Many of you (and/or your children) are on a restricted diet of some sort. In this article, we are going to give a brief summary of the diets that we are commonly asked about and the effects that they can have.
The Average Diet
The average diet which is eaten today is completely different to the average diet of 50 years ago - which was more like the primitive hunter/gatherer diet of our forebears.
"The huge increase in processed carbohydrates, sugars and trans-fatty acids as substitutes for simple fruits, vegetables, proteins and healthy fats in our children's diets is impacted in an epidemic of behavioural and learning disorders in the Western World."
L. Embersits - Mindd Foundation 2007
These poor quality diets lead to various digestive and nutritional deficiencies, along with a host of learning and behavioural disorders; caused by the lack of essential nutrients to the brain.
The use of antibiotics, drugs, dietary sugars, refined carbohydrates, bottle feeding and infection, all play a role in upsetting the balance and efficiency of the beneficial intestinal gut flora. This can then lead to mal-digestion and mal- or compromised absorption of essential nutrients that are required for brain and bodily functions.
Dietary intervention plays a vital role in the biomedical approach and has shown to significantly improve symptoms in children with ASD and other behavioural disorders.
The most common "offending foods" are gluten (a protein found in grains - wheat, barley, rye and oats) and casein (a milk protein). These proteins do not get digested properly in ASD patients and turn into substances that possess a similar chemical structure to opiates, (like morphine and heroin). These opiates are thought to cross through the blood-brain barrier and block certain areas of the brain, just like morphine or heroin would do. Eliminating them from the diet (i.e. a gluten and casein free diet) has helped many ASD children lead a happier life.
Studies & Other Recommended Diets
Several studies (conducted by Reichelt et al. 1981) have found abnormal peptides in the urine of people with autism and schizophrenia, and long-term treatment studies have found significant improvement from a gluten and casein free diet.
Some ASD patients also have specific food allergies and sensitivities, after wheat and dairy, other common offenders include soy, eggs, peanuts, strawberries, corn and chocolate. Unfortunately, simply removing "offending foods" alone will not give optimal results - a whole dietary change as a way of life is required.
Other diets that have shown to help support the sensitive or damaged gastrointestinal tracts of ASD patients include:
- The Specific Carbohydrate Diet (SCD) - this mimics the diet of early man; focusing on natural, whole, unprocessed and fermented foods. It includes meat, fish, eggs, vegetables, nuts, low-sugar fruits, and particular fermented dairy products. The SCD diet works by starving out harmful bacteria in the gut and restoring the balance of good bacteria.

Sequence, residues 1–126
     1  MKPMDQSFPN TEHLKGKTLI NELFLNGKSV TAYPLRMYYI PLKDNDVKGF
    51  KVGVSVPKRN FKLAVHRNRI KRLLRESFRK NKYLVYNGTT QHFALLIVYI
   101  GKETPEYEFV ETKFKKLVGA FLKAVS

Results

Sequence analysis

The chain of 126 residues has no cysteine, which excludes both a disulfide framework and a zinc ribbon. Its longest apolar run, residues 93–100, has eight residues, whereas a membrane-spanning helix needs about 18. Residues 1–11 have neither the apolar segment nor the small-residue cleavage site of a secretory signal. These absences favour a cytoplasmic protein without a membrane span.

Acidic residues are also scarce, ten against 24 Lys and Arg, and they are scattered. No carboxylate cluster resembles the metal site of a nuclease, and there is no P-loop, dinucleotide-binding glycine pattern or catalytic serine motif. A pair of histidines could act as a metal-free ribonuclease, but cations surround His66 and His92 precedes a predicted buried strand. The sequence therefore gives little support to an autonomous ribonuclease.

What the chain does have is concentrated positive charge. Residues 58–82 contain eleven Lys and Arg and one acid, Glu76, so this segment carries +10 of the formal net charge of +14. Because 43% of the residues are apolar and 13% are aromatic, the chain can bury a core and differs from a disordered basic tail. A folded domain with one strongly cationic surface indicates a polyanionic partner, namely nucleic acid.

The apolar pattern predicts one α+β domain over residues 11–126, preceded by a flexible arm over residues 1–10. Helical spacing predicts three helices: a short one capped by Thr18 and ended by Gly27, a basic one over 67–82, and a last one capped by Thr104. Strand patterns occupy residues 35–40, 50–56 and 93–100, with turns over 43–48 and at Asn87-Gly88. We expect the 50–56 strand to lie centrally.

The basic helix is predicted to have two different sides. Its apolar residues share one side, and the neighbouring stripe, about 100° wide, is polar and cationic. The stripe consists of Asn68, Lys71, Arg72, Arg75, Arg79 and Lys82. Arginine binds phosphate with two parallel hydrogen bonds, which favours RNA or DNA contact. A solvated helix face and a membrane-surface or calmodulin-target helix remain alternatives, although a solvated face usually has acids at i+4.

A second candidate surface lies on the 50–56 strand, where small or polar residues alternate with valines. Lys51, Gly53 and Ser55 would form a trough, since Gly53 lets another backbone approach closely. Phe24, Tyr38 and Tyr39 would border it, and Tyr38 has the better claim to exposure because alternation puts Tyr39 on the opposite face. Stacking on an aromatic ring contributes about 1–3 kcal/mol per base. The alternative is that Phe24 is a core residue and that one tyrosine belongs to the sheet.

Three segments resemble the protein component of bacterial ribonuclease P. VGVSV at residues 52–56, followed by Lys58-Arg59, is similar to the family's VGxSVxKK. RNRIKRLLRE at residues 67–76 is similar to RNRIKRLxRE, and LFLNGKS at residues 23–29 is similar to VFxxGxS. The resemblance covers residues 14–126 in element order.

- The Gut and Psychology Syndrome Diet (GAPS) - this diet was developed by Dr. Natasha Campbell McBride (a neurologist, nutritionist and ASD mother), and is based on restoring digestive health for improved neurological function and development. The GAPS diet (read more on GAPS here) is similar to the SCD however it does not allow dairy products; because casein may trigger or inflame allergies and intolerances as well as affect brain function. The GAPS approach may be beneficial if the gluten / casein free (GF/CF) diet and SCD diet "do not resolve the digestive and neurological issues." This may occur because the GF/CF diet substitutes the gluten containing foods with other processed and refined carbohydrates that continue to feed gut pathogens (candida, bacteria, fungi, viruses) and the SCD allows casein which may perpetuate the inflamed gut and opioid effect on the brain.
- Diets eliminating salicylates, food dyes, yeast and simple sugars have also been reported to have beneficial effects.
It is best to consult a knowledgeable practitioner about the right diet.
Food Allergies and ASD Children
Food allergies are very commonly seen in ASD children, which may be due to abnormalities in their digestive and/or immune systems.
If food is not properly digested into its individual sugars, amino acids, etc., then this partly digested food may pass from the gastrointestinal tract into the bloodstream, especially if the child has a "leaky gut" due to inflammation. The immune system will then recognise those foods as foreign, and may launch an immune response to those foods, resulting in an allergic response.
The most therapeutic foods for ASD patients are "real foods," often raw and prepared as done over thousands of years (soaked, slow cooked broth and meat, no microwave, fermented grains and vegetables). Sugar-free yogurt, kefir and fermented foods (miso and vegetables) are especially recommended, as these therapeutic foods help to replace beneficial bacteria in the digestive tract that are usually low in numbers due to metabolic and digestive disorders (medications, antibiotics, toxic exposure and illness are all causes).
"Biomedical practitioners are finding that toxicity and inflammation are central in several other paediatric disorders that have risen sharply since the early 90's including: asthma, allergies, food sensitivities, chronic upper respiratory infections, chronic urinary tract infections, eczema, dyspraxia, dyslexia and other leaning and language delay. By improving the biochemistry and digestion of ASD patients, the immune system bounces back, inflammation reduces and many of the above listed symptoms lessen if not disappear."